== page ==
Mumbai, the city that never sleeps!
During the daily hustle-bustle, who has time to actually care for the environment in this city?
If your answer is inching towards a no, you might really consider changing it.
For residents at a housing society in Mulund, a suburban Mumbai neighbourhood, have taken the task of saving the environment upon themselves.
For the past one year, residents of Marathon Onyx have not just composted organic garbage, but also recycled other waste materials and undertaken rainwater harvesting.
According to Hindustan Times, the residents have treated more than six tons of biodegradable waste and over a ton of recyclable waste. “We have kept records for each day as to how much waste was generated and treated. On average, 25-30 kilogram of waste is being fed into compost bins,” Rakhee Mehta, a resident, who looks after composting told HT.
A huge bin is used for the composting process that is able to manufacture more than 400 kg of compost at one go. “The bins are called bio-bins or bio-digester bins and were imported from Kochi. They are made from fibre reinforced plastic (FRP), which is helpful for a better yield,” Rakhee said.
Taking the initiative seriously, she added that since the composting did not initially yield the expected results, she went to Kochi personally to understand the entire process. The association has currently installed 2 such bins and the resultant compost is used as manure for the lawn every 25 days.
In order to reduce wastage of water, and have lesser dependence on municipal water supply, the residents harvest rainwater. A chamber is used for storing the water and later transferred to a borewell; the water is eventually utilised for cleaning purposes.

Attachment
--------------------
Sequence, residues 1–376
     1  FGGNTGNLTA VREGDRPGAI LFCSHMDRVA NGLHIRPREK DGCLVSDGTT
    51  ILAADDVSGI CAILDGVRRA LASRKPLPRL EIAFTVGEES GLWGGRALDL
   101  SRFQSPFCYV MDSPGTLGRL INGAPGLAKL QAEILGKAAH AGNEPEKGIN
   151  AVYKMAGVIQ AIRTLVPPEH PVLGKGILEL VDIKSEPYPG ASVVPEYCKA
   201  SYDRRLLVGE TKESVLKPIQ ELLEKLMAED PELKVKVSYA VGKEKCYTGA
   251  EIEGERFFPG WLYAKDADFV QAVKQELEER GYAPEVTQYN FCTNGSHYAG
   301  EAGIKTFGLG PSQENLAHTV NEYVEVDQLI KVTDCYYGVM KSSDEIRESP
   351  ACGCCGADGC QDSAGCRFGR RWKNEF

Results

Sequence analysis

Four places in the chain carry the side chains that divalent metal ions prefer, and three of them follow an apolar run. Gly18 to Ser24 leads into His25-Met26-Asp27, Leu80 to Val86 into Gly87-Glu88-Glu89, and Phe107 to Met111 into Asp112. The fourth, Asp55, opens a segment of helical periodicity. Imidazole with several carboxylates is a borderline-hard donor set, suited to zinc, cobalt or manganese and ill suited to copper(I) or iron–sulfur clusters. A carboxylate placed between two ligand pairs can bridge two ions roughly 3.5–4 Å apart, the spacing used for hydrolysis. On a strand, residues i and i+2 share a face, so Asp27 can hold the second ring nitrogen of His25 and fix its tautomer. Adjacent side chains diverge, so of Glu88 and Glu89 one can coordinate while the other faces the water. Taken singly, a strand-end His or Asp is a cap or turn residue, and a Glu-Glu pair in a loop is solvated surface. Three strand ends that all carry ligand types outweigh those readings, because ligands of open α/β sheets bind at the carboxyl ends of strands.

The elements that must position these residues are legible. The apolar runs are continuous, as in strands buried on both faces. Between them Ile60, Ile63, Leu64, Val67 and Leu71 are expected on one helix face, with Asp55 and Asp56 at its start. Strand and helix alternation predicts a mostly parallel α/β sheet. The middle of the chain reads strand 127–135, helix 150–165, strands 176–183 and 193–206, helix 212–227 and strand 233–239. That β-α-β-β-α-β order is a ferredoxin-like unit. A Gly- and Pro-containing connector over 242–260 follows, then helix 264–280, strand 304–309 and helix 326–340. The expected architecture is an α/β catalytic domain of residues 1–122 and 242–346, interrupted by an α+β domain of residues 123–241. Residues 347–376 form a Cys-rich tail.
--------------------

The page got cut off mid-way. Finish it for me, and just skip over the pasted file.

The society also actively manages recyclable waste materials.
“Items such as cardboard, wrappers, styrofoam, glass, metal, among others, are deposited at recycling collection centres every fortnight. We deposit more than 100 kilograms of recyclable waste every month. There is hardly any waste left for the municipality now,” said Shrishti Buch, another resident, who is an active member of the green brigade.
Despite the initial challenge of convincing and seeking the involvement of all the residents, the society managed to cross the hurdles. “We provided three dustbins for segregation of waste. In the beginning, there was confusion among residents over management of waste and we received complaints about stench emanated from the bio-bins. But we achieved the end result by overcoming the initial hiccups,” Shrishti added.
Sonal Shah, who is the director of Marathon Realty and resident of the society as well, suggested that the initiative be part of all their projects. “We decided to do something for the environment and what better than making our city green? We needed co-operation from the residents and fortunately we got it. You can’t do such a thing alone,” she said.
“Landfills are affecting people’s health. Composting, rainwater harvesting and other such projects are not complex to adopt and doesn’t require massive investment,” she added.
Now, the society plans on having solar installations and turning towards a greener lifestyle. “We are doing research on installation, pricing and other process. Once through, we’ll have solar panels as well,” Sonal said.
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